The Woodrow Wilson School is committed to ensuring that all members of its diverse community feel respected, included, supported and valued. We see our differences as a key strength of the Wilson School. And we seek to help our students flourish inside and outside the classroom and become changemakers who promote equity, dismantle prejudice and discrimination, and foster inclusion wherever they are.
"As Verna Myers, a noted diversity advocate, asserts: 'Diversity is being invited to the party. Inclusion is being asked to dance.' And I would add — true inclusion is being one of the people who has a say in what music is played."
-Dean Cecilia Rouse
Diversity and Inclusion Standing Committee
Established in 2018, the Committee periodically assesses the climate for all groups within the Woodrow Wilson School, including underrepresented groups, and makes recommendations to the Dean for improvement. Comprised of four faculty, students, and staff, the committee also monitors the School’s focus on diversity and inclusion in graduate admissions, curricular offerings, student support services, and public affairs programming.
The Woodrow Wilson School is committed to strengthening its curriculum to better reflect the challenges dominating policy today. The School has hired a Diversity and Inclusion Visiting Research Scholar for Fall 2018 to spearhead efforts to incorporate issues of diversity and inclusion in public policy into the MPA curriculum.
Student Life and Diversity Workshops
Workshops are hosted throughout the academic year to equip students with the tools to foster respectful, open, and inclusive environments inside and outside the classroom. Workshops for the 2018-19 academic year include:
- Mental Health (Stress Management, Distress Awareness and Response Training, Mindfulness)
- Inclusion (Equity and Inclusion Training; Impact of Bias, Stereotypes and Microaggressions)
- Prejudice (Sexism, Sexual Harassment and Misconduct; Overcoming Racism; Dismantling Classism)
- Allyship (How to be an Ally: Men’s Allied Voices for a Respectful and Inclusive Community; Supporting the LGBTQA, Transgender, and Gender Non-Conforming Community)
Diversity Network Dinners
Regular dinners provide a welcoming and supportive space for all students to meet, share a meal, and build community. Dinners are also attended by Princeton faculty with relevant research interests.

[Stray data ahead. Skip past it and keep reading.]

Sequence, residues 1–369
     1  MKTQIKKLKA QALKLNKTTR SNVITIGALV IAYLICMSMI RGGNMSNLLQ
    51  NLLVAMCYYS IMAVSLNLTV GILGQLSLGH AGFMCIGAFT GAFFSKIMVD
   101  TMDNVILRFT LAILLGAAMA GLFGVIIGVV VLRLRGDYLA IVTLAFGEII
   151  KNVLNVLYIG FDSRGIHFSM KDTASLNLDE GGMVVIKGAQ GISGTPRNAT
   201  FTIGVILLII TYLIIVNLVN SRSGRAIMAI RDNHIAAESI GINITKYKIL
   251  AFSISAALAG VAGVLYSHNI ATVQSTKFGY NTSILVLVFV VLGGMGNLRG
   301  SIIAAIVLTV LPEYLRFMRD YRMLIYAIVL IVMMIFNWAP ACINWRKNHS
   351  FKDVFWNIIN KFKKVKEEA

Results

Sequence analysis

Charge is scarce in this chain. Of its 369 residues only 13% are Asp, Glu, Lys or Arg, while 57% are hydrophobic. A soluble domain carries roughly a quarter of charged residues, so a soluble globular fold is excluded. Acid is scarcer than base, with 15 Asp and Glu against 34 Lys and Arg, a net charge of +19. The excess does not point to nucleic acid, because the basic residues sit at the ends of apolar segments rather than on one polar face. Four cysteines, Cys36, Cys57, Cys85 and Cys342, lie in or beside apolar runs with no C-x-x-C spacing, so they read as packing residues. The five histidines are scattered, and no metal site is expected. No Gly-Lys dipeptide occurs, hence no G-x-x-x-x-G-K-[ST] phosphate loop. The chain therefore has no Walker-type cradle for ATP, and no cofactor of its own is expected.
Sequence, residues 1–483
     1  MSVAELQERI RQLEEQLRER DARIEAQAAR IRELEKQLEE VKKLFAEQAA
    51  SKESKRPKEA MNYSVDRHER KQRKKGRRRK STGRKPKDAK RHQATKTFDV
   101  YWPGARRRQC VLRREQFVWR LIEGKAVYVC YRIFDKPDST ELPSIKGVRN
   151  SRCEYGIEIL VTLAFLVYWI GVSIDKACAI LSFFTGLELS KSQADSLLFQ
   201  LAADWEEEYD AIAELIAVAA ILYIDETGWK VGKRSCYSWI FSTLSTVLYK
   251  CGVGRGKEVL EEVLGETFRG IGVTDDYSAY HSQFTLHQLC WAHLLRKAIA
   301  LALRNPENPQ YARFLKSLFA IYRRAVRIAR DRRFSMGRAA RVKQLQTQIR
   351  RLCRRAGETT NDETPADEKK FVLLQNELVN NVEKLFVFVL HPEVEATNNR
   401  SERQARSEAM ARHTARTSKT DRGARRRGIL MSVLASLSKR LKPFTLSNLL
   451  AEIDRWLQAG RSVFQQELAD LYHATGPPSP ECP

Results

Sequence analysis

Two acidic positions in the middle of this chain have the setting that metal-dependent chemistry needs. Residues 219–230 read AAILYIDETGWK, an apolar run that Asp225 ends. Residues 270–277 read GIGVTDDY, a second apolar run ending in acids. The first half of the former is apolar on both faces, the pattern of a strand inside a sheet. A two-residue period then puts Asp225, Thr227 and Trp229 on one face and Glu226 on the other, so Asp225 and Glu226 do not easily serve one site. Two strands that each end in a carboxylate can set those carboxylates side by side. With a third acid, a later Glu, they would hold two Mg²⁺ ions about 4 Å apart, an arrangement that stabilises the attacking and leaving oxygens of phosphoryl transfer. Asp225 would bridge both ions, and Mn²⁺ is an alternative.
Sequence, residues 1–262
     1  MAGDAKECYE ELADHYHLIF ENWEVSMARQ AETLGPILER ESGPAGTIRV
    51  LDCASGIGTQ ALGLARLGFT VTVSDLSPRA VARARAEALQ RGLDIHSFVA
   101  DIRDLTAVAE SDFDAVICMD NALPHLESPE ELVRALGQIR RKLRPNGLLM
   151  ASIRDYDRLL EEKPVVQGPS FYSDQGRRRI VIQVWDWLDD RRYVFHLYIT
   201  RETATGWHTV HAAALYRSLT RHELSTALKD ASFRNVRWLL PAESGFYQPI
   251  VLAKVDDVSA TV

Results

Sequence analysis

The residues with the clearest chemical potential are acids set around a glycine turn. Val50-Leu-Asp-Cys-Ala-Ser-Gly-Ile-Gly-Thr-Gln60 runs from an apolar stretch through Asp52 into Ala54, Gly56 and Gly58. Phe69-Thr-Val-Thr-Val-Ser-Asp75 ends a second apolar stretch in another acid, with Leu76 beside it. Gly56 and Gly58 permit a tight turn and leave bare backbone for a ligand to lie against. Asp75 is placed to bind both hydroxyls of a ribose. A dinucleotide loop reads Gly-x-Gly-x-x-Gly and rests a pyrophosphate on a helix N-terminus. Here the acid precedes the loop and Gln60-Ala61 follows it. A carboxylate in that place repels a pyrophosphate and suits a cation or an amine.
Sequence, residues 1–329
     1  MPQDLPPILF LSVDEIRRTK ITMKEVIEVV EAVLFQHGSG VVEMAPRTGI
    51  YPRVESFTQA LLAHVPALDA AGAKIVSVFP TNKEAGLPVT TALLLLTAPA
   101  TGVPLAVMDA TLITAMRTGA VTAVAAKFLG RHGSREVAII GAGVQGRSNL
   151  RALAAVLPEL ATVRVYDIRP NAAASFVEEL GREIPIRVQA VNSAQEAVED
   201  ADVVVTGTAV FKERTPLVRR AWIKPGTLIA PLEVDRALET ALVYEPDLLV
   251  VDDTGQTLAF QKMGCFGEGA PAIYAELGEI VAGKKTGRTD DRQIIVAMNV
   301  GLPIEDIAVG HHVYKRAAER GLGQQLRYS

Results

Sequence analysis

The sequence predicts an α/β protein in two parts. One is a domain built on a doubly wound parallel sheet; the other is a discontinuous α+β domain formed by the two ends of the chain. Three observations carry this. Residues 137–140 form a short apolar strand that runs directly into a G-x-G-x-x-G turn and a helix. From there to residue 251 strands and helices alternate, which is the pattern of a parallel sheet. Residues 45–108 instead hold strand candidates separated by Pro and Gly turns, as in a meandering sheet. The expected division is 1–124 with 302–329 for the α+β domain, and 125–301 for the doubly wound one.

Students and Alumni of Color (SAOC)
Students and Alumni of Color brings together students and alumni to promote racial and ethnic diversity; establish mentoring relationships; discuss ideas relevant to the social, political and professional development of students of color; and support the social and political development of the wider community. SAOC sponsors an annual weekend symposium for thought-provoking policy discussions and professional networking. Recent symposiums include: “What Wall? Transcending Real and Perceived Borders,” “Solidarity of Resistance: Connecting the Past, Present, and Future,” and “From Access to Action: Building Momentum for the New Millennium.”
first. empowers, elevates, and amplifies the voices of Firsts — low-income and first-generation students and alumni— by providing a forum for first-generation and low-income students to find community and space at the Woodrow Wilson School to discuss issues important to them.
Students for Educational Equity and Inclusion (SEED)
SEED is a student-led initiative whose mission is to strengthen commitment to and action towards equity and justice throughout students’ interpersonal and educational experiences at the Woodrow Wilson School.
Gender and Policy Network (GPN)
The Gender and Policy Network deepens understanding of gender as a variable in public policy and provides a forum for dialogue on contemporary issues about gender and policy. GPN organizes a range of activities to foster discussion about gender and policy, including speakers, informal lunch discussions, career panels and documentary screenings.
Woodrow Wilson Action Committee (WWAC)
The Woodrow Wilson Action Committee is the graduate student government body of the Woodrow Wilson School. It gives students a voice in the governance of the School and a formal channel of liaison between the student body and the faculty and administration. Members participate in meetings of the Master’s Program Committee and in the curriculum development process. WWAC also plans social activities and coordinates volunteer and community-service activities. As part of the committee, two students are elected as Diversity Representatives and one student as the LGBT Inclusion Representative.